static uint32_t lastDisplayMs = 0;
uint32_t currMs = millis();

if (currMs > lastUpdateMs) {
  lastUpdateMs = currMs;

  .... sensor poll code here
}

One may also ask, why poll when interrupts are possible? Well… it’s complicated, but possible.

In this release of the hardware, the MPU interrupt pin is attached to pin 4 in the Arduino environment. Unfortunately, the interrupt type attached to this pin in the ARM chip is what’s known as a non-maskable interrupt (NMI), and there are some extra considerations. Likely in the interest of simplicity, the Arduino devs decided to disable support for interrupts on this pin. There is an unofficial workaround, which I have used with success.

If you’d like to modify your Arduino core files to allow interrupts to work with this hardware version, check out this link: https://github.com/arduino/ArduinoCore-samd/issues/248. Just make sure to read all the comments so you understand the possible issues.

I’m pretty sure SF is aware of this, as their ‘interrupt’ example (e.g. if (digitalRead(INTERRUPT_PIN) == LOW)… ) is really just a slightly faster way to poll the sensor.

Finally, to really get decent performance when logging to an SD card, the SdFat library is really needed. The base SD library is fine for a basic example, but some effort towards a lower latency SD logging example doesn’t seem like too much to ask. For those interested, the SdFat/LowLatencyLogger example is a good start on more performant logging code.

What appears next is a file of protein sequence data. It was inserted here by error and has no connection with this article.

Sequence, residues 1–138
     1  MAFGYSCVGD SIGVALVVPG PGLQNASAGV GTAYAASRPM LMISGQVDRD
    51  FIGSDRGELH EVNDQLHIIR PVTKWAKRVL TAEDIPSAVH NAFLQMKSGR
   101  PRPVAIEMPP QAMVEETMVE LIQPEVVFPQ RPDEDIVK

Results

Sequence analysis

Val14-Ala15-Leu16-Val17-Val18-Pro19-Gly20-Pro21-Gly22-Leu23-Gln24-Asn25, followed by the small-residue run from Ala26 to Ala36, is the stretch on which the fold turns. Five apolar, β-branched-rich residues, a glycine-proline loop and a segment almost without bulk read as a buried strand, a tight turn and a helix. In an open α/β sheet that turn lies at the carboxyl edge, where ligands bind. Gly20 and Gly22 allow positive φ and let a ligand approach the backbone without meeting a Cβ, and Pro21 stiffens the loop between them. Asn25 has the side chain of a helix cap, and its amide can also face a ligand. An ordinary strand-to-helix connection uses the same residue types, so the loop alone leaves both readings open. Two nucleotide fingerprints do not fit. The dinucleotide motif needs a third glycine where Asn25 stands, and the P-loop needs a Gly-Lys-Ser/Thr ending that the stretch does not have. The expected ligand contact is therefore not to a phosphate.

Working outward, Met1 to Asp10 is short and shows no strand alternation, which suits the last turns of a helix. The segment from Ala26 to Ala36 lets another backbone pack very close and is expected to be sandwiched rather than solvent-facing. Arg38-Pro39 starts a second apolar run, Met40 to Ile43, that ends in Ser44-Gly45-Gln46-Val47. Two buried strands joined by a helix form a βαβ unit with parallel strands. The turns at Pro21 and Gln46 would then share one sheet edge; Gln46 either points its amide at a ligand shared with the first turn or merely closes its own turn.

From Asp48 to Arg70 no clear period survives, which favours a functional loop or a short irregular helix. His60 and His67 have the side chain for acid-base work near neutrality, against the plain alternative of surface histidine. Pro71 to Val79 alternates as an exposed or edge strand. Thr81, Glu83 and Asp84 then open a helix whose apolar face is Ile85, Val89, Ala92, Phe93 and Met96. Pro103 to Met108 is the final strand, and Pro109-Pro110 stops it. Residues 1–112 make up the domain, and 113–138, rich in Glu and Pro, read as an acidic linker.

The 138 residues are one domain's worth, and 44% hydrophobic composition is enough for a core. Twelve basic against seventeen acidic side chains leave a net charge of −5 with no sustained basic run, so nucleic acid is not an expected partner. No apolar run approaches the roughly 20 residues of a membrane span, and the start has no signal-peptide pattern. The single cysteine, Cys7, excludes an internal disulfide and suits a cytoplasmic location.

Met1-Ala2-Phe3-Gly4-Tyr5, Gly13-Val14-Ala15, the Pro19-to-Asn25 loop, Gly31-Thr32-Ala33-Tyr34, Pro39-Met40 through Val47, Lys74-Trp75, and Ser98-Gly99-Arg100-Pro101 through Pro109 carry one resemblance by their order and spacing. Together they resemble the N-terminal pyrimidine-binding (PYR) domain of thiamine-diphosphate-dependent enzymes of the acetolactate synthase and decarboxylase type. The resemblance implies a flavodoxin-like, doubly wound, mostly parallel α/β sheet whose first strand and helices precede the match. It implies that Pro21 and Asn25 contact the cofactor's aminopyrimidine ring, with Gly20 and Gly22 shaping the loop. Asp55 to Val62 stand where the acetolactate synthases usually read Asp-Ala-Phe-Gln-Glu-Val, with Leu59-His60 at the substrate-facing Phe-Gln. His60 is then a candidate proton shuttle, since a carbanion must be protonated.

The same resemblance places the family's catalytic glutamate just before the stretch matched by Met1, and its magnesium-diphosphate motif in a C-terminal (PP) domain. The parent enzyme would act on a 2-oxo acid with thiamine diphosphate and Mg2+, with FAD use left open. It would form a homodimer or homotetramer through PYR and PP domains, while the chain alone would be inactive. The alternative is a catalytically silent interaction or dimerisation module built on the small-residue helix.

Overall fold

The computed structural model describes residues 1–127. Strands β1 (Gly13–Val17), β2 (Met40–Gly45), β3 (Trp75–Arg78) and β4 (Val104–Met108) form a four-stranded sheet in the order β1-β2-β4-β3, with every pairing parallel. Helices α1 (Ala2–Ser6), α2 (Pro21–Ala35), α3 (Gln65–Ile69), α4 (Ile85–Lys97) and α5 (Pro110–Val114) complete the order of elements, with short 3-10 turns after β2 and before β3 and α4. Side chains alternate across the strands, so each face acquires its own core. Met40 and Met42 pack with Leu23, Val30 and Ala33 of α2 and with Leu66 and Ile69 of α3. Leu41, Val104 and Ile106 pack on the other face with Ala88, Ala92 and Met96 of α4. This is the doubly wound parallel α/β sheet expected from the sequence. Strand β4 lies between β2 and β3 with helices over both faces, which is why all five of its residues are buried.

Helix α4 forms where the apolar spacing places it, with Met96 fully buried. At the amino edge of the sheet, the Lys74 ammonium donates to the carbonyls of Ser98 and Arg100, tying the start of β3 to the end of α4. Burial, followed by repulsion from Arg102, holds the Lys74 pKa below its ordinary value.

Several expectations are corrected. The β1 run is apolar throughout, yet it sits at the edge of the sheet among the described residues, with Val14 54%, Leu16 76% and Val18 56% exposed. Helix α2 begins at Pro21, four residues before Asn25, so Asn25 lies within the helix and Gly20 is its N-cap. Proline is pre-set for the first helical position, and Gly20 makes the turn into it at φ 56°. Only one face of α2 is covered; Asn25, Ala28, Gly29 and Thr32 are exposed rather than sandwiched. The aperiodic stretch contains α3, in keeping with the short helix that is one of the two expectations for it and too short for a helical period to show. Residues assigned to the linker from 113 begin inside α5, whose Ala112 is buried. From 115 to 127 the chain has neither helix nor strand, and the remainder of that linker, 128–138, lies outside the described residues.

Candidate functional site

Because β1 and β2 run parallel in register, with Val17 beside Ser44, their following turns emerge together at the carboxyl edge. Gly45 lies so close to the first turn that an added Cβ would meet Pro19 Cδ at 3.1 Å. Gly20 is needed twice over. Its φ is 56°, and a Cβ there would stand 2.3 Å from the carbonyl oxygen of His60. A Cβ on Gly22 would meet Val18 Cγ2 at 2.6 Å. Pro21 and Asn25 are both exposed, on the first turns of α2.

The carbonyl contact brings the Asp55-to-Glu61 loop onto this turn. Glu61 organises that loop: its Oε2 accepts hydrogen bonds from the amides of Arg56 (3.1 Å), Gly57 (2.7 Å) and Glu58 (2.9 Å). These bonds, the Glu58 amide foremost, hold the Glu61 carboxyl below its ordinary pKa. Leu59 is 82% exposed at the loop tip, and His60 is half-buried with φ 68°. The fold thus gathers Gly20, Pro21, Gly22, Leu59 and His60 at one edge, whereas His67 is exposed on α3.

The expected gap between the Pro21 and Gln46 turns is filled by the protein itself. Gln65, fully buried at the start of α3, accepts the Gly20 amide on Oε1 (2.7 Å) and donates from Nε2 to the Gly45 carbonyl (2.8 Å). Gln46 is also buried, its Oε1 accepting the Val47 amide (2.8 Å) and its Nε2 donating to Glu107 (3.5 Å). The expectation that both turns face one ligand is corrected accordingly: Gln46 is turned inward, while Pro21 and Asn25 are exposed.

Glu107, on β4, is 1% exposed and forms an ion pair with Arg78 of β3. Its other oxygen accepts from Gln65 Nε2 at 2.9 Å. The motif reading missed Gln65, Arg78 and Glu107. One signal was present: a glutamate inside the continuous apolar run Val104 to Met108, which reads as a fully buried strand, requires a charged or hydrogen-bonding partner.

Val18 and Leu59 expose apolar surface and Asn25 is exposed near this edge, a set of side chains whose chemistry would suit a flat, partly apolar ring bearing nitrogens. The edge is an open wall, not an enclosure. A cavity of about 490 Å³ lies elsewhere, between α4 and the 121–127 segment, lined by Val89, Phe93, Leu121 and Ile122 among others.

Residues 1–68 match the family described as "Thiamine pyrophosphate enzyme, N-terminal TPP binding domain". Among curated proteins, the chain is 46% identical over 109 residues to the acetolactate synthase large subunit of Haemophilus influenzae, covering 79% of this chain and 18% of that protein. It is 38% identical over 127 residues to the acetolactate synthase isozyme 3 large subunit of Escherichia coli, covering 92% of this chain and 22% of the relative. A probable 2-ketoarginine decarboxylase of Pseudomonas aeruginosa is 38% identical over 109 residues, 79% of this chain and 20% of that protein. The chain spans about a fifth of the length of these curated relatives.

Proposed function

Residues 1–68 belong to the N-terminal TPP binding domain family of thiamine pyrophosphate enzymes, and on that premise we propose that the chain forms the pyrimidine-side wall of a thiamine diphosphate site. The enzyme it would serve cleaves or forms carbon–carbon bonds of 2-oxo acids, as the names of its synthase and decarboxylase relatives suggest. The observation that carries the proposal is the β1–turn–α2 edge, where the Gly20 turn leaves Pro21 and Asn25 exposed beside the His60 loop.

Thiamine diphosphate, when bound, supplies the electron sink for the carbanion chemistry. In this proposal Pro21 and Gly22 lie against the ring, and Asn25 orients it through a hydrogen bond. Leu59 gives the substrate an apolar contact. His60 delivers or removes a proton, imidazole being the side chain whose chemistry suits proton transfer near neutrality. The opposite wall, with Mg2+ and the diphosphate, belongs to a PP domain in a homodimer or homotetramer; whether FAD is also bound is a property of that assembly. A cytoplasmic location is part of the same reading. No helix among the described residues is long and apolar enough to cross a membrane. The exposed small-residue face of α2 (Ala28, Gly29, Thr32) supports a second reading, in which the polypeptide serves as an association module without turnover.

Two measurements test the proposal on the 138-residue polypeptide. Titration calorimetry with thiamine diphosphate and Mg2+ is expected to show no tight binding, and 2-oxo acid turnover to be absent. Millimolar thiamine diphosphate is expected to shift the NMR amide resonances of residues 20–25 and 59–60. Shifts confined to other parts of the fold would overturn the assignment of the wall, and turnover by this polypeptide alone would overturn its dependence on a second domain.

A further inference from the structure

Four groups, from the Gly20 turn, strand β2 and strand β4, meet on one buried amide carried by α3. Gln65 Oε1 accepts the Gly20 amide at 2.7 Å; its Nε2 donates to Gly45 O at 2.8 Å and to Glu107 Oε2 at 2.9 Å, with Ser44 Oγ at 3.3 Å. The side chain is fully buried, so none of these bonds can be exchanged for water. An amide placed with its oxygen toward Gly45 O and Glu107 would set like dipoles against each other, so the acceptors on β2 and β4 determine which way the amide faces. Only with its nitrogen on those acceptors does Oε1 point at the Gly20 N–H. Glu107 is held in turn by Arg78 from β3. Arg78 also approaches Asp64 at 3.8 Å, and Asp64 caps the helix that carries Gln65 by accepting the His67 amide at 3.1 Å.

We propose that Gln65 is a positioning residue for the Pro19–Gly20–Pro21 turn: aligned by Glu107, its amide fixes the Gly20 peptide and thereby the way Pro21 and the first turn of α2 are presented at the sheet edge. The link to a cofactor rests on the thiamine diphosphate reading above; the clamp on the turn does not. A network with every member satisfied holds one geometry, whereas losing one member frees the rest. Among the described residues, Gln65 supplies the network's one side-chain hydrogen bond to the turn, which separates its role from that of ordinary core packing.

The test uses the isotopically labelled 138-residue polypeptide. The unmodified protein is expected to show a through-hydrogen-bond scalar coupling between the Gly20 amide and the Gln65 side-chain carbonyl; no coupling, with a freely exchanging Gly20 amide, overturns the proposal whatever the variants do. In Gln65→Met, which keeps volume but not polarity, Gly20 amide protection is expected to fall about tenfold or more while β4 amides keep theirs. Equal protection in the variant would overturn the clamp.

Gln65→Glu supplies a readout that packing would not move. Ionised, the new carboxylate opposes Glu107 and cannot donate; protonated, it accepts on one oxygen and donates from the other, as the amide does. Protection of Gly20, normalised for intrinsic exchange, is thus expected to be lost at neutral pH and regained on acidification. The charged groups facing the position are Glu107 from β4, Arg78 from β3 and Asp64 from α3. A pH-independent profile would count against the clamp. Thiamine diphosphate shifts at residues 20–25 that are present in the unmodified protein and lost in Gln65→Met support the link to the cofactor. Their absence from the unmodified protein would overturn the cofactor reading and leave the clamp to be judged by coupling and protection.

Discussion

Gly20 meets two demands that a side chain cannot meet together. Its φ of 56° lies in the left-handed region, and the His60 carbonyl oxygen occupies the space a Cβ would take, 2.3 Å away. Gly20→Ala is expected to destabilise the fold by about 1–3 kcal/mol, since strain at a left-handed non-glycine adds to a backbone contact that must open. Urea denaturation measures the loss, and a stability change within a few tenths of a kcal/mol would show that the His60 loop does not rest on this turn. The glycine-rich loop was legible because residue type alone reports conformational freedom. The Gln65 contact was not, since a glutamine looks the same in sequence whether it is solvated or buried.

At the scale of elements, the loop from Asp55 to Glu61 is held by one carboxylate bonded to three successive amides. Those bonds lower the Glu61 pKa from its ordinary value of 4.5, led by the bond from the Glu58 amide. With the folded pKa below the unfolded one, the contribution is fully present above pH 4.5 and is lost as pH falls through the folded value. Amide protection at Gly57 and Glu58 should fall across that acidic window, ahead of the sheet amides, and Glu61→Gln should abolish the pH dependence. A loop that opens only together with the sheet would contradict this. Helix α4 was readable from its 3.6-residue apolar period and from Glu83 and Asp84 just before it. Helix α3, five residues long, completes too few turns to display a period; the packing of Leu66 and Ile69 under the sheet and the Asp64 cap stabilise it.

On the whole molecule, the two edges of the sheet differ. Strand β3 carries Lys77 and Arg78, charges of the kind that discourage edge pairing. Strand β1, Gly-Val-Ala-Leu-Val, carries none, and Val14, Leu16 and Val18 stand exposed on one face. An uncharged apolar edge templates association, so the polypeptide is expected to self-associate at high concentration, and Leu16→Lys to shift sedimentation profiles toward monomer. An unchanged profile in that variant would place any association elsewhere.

To be sure, I don’t expect SF to implement a myriad of examples. However, I do feel that the example provided in this case is lacking, especially considering the sensor library is largely written by a third party.

The good news is that after combining these pieces, it is possible to get this device to come close to 1k samples/s. Even when polling, I’m able to hit 950-1k samples/s saved to SD when this is the only sensor used, and limiting serial output to once every 30-45ms. Using interrupts, a solid 1k samples/s is possible.

5 of 5 found this helpful:

Euler values are not usable

When configured to output the Euler values, the values drift considerably when the IMU is sitting still on a desk and are erratic to the point to appearing random if the IMU is not perfectly still.

The pitch values oscillate slowly around 0, from 339 degrees to 20 degrees. The roll values also oscillate in a similar fashion between 350 degrees to 10 degrees The yaw values just drift, making a complete 360 in 42 seconds or so.

If you slowly pitch or roll the IMU 30 to 45 degrees the values become erratic.

Update: I sent an email to technical support per Kansukee’s suggestion. It is a week later and I haven’t received any response other than the “Thank you for contacting SparkFun Technical Support” auto-reply.

Sorry to hear about the issues with the Razor IMU.

Have you contacted our technical support team at techsupport@sparkfun.com - they’re usually pretty good at helping to get products working properly, they may have some strategies to help get rid of the erratic drift on the sensor.

1 of 1 found this helpful:

It's a good little device

Small form factor, low power consumption. Quick and easy to get up and going, I had half of my application built within 12 hours which is fantastic.

OK.

Had issues with Serial1 port. No examples. Had to search in SAM21D section.

Easy to use.

Just edit config.h, it is ready to use for my project.

it is handy thing. Software and hardware. But I can’t properly callibrate yaw angle. It is flow +/- 10 deg. I try a lot of time in different places. But it is the same result.

Good little unit that can do a lot of things

A very capable processor. I’m not a huge fan of the “canned” functions, very slow. But easily programmable to do just what you want. Great for breadboading a concept or implementing in a hobbie project. The breakout version of the sensor is also good if you want to use a more powerful processor with more RAM.